San Francisco’s Health Care Security Ordinance requires medium and large employers doing business in San Francisco to “play or pay.” More specifically, those employers must spend a minimum amount on health care for their employees, either directly through their own insurance programs, or indirectly by making payments to the City of San Francisco.
In response, a group of disgruntled San Francisco restaurants filed suit, alleging that the federal Employee Retirement Income Security Act (ERISA) preempts the San Francisco Ordinance. ERISA governs employee benefit plans, and ERISA preempts, or invalidates, state and municipal laws that relate to ERISA-governed employee benefits plans.
Notwithstanding the restaurants’ complaints, a federal appellate court, the Ninth Circuit, recently upheld the Ordinance, in Golden Gate Restaurant Association v. City and County of San Francisco. Not only did the Ninth Circuit reject all of the restaurants’ ERISA preemption arguments, but the court also concluded that its decision was not at odds with the earlier Fourth Circuit decision that struck down Maryland’s play or pay initiative, known as the Wal-Mart Bill.
A. The Ordinance
Under the Ordinance, employers must now make minimum health care expenditures on behalf of their employees who work in San Francisco, regardless of where they reside. Private employers with 20-99 employees (and non-profit employers with 50 or more employees) are required to spend $1.17 per hour on behalf of each covered employee. Private employers with 100 or more employees are required to spend $1.76 per hour for each covered employee.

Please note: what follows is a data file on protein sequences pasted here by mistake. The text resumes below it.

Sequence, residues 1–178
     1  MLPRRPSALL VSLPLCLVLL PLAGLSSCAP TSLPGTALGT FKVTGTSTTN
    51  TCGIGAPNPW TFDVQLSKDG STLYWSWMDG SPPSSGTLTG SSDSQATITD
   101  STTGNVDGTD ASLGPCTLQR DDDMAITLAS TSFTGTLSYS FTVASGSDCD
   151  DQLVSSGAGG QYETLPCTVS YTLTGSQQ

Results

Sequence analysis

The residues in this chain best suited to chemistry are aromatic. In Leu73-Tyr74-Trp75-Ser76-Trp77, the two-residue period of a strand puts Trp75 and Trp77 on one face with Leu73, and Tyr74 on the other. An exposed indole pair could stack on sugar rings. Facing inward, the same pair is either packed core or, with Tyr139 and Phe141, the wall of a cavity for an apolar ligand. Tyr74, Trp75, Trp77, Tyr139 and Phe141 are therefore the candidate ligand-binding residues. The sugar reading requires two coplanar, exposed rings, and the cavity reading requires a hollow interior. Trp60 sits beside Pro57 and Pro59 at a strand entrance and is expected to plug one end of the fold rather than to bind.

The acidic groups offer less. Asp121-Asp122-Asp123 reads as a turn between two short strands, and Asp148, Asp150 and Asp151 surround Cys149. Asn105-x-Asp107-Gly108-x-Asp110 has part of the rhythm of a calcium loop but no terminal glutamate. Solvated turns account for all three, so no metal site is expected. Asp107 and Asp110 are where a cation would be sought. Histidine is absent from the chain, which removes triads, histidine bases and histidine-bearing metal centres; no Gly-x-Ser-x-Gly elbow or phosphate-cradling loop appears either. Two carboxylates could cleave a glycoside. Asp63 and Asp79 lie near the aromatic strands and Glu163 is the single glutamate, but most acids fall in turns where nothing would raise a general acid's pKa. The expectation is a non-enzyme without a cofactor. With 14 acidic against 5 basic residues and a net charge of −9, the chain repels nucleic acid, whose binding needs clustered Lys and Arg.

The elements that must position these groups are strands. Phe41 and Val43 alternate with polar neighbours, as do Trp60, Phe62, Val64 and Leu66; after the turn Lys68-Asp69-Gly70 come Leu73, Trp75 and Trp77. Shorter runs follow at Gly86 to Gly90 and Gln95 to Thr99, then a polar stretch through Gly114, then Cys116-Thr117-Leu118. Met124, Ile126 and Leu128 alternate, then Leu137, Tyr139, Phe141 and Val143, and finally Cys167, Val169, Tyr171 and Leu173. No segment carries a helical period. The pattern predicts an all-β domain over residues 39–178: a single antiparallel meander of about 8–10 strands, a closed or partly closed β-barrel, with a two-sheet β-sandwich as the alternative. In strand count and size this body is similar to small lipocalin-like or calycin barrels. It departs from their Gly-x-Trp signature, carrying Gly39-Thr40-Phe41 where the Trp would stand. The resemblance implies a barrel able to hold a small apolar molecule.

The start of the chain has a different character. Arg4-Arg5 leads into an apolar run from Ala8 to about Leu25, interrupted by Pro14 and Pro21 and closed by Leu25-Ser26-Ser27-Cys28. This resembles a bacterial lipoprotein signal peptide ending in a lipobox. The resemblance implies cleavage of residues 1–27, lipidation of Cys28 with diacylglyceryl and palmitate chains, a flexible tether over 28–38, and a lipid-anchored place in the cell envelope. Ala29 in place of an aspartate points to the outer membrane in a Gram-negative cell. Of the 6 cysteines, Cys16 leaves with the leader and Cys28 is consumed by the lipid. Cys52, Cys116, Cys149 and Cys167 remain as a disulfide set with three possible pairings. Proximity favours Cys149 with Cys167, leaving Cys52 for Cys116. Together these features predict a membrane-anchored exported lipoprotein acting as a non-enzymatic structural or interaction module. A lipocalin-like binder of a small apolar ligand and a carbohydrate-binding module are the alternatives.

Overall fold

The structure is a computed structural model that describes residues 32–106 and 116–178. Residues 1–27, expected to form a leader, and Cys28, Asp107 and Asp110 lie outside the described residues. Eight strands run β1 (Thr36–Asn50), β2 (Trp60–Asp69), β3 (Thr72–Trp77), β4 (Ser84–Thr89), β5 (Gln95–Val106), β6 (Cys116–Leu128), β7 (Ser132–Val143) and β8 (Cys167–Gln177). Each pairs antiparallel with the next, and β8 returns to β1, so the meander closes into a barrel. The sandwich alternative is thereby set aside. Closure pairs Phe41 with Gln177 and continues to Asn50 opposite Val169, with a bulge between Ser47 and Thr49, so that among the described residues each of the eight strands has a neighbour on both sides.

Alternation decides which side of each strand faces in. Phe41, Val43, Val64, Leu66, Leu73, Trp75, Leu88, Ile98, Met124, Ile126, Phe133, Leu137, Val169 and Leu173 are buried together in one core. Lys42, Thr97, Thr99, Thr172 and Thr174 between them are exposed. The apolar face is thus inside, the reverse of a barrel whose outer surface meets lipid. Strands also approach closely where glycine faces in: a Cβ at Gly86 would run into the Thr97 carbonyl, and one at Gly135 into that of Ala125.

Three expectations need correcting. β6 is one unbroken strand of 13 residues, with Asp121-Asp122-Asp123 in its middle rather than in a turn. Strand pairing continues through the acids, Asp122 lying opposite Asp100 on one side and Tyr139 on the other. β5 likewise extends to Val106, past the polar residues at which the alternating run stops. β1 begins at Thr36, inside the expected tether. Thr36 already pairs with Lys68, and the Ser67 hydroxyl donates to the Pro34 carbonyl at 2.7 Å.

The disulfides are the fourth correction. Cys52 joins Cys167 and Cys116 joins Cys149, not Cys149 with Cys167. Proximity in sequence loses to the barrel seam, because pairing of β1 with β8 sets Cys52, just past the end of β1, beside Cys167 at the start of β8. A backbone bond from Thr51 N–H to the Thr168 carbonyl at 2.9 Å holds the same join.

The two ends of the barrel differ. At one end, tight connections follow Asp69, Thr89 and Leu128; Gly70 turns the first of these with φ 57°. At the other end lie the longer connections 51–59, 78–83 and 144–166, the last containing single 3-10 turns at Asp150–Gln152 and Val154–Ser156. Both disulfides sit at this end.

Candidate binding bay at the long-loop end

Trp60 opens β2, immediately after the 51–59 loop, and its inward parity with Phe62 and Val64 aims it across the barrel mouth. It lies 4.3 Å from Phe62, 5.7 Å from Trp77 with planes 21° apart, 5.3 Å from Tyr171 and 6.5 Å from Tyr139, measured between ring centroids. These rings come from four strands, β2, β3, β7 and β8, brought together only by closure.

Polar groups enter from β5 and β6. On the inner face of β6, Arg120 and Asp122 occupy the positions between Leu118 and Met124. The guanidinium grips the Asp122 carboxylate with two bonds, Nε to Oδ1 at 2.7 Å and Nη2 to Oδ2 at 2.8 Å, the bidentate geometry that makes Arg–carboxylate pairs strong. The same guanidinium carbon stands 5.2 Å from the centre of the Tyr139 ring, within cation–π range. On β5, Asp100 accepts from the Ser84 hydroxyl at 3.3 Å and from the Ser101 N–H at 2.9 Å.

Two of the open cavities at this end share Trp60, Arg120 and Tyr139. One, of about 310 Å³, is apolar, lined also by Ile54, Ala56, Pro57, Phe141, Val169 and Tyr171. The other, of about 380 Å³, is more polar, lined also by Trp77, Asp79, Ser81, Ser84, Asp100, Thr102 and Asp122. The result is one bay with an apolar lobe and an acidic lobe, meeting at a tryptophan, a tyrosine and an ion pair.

An employer can comply with its spending requirement by paying health insurance premiums, contributing to a health savings account or a flexible spending account, or by making direct reimbursements to its covered employees. An employer can also comply by making payments directly to San Francisco.
In turn, San Francisco uses the payments to fund membership in its Health Access Program (HAP), which provides health care to its uninsured, low and moderate income residents who do not qualify for Medicaid. San Francisco also uses the payments to fund medical reimbursement accounts for its residents who do not qualify for HAP and for non-resident employees of employers who make payments to San Francisco.
B. The Decision
ERISA governs most employee benefit plans that are sponsored by private employers. ERISA does not require an employer to provide benefits to its employees, but to the extent it does, the employer and the benefit plan become subject to ERISA’s administrative scheme, including its fiduciary, reporting and disclosure obligations.
In addition, to ensure a uniform body of benefits law across the 50 states, ERISA preempts any state law that “relates to” an ERISA governed plan. Over the years, the courts have generally held that a state law relates to a plan if it “has a connection with” or “refers to” an ERISA plan.
The Ninth Circuit, in the Golden Gate decision, held that the Ordinance does not “have a connection with” an employee benefit plan, because the Ordinance does not require an employer to adopt an ERISA plan or redesign an existing ERISA plan. Nor does the Ordinance require an employer to provide specific benefits to its employees.